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White House
conference leaves out gay seniors, activists charge

White House
conference leaves out gay seniors, activists charge

A once-a-decade conference on aging Americans largely excluded issues of concern to gay seniors, say gay rights leaders.

Declaring that older gay Americans are being marginalized, gay rights leaders in Washington, D.C., on Tuesday blasted the organizers of this week's White House Conference on Aging, a summit held once a decade that recommends policy changes to the president and Congress on issues affecting the approximately 78 million Americans age 60 and over. According to those in attendance, this summit was significantly less focused on making concrete policy suggestions than the 1995 conference, specifically in regard to issues facing older gay Americans, such as HIV, housing, and discrimination.

"The conference itself provides no opportunities to submit resolutions or to significantly change resolutions," said Roberta Sklar, director of communications for the National Gay and Lesbian Task Force, an advocacy group for gay issues. "It reflects not just the lack of interest but the conscious effort to squelch the interests of [the LGBT] community."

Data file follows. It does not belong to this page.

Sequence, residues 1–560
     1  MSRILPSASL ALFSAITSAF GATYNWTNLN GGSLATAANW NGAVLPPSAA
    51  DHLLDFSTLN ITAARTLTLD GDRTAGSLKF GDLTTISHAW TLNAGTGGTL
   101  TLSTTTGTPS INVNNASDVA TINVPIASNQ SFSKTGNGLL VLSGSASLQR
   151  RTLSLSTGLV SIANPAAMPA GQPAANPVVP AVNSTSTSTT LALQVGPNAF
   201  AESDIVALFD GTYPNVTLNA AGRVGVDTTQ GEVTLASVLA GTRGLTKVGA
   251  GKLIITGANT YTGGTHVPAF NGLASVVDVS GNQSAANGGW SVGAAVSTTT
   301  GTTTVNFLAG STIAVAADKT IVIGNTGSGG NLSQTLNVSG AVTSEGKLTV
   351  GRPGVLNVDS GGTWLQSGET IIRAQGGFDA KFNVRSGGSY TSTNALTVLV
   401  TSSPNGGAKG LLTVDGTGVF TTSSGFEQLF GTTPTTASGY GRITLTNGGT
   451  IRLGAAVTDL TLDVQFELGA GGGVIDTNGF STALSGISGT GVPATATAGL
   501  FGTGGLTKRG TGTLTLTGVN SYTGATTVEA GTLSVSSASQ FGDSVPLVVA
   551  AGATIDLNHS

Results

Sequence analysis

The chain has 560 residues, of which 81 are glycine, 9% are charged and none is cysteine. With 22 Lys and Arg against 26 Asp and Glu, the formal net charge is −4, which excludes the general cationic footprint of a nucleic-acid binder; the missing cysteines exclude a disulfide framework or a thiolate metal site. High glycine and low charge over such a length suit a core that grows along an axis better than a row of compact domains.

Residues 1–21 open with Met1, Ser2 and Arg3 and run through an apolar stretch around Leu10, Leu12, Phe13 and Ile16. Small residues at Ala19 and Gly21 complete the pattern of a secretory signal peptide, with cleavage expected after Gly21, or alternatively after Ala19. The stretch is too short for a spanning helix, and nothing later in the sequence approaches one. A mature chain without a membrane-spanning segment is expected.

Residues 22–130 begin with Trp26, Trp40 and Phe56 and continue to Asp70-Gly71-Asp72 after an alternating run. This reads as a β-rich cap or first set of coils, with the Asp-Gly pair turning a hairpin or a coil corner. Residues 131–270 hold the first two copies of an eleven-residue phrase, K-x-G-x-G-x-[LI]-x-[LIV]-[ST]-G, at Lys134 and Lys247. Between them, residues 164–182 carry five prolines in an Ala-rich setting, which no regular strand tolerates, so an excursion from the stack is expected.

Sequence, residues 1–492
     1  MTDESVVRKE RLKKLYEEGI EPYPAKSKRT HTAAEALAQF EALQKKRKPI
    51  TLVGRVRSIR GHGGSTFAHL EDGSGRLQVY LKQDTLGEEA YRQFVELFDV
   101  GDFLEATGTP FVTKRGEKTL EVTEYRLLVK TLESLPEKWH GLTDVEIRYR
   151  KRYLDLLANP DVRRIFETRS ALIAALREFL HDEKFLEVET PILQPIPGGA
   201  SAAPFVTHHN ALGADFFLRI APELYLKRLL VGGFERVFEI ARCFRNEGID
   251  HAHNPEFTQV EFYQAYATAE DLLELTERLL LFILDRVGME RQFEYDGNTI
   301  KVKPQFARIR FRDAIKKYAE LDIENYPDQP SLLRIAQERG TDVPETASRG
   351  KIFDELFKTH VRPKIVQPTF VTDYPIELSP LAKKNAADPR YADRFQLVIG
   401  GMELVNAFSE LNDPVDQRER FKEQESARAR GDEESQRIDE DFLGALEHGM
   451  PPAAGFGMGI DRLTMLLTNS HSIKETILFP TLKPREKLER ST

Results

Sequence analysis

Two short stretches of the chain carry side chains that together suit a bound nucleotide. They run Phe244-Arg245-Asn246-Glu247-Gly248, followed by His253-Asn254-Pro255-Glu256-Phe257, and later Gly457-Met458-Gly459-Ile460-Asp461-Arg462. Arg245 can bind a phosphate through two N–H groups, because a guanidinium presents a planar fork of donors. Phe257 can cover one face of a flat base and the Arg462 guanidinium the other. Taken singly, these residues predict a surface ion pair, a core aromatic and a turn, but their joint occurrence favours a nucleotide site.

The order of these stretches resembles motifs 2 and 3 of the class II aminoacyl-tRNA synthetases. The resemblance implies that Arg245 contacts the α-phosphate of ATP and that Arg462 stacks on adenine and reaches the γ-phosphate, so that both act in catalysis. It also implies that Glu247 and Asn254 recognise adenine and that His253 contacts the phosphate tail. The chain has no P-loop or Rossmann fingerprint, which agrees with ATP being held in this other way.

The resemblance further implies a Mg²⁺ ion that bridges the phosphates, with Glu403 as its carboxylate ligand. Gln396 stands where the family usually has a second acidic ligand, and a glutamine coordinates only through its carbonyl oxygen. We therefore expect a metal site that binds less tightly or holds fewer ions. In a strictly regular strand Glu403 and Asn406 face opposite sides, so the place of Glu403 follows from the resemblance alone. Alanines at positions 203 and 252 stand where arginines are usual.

"The way this conference compares to the last one is stunning and deplorable," added Task Force executive director Matt Foreman. Amber Hollibaugh, senior strategist for the Task Force, described the conference as being dominated by commerce--specifically, businesses shilling products aimed at the aging community. "[The conference setup] was a slap in the face to all of us," she said. "[The organizers] thought of aging as a marketplace, a place to make a profit."

A 17-member policy committee directs the Conference on Aging, with the president selecting nine members and Congress picking eight. Hollibaugh said the Task Force, along with other groups that attended the conference such as SAGE--Services and Advocacy for Gay, Lesbian, Bisexual, and Transgender Elders--will be contacting politicians to voice their dissatisfaction with the White House's handling of the conference. "There may be many ramifications," Hollibaugh said. "There's going to be a great deal of follow-up work." (

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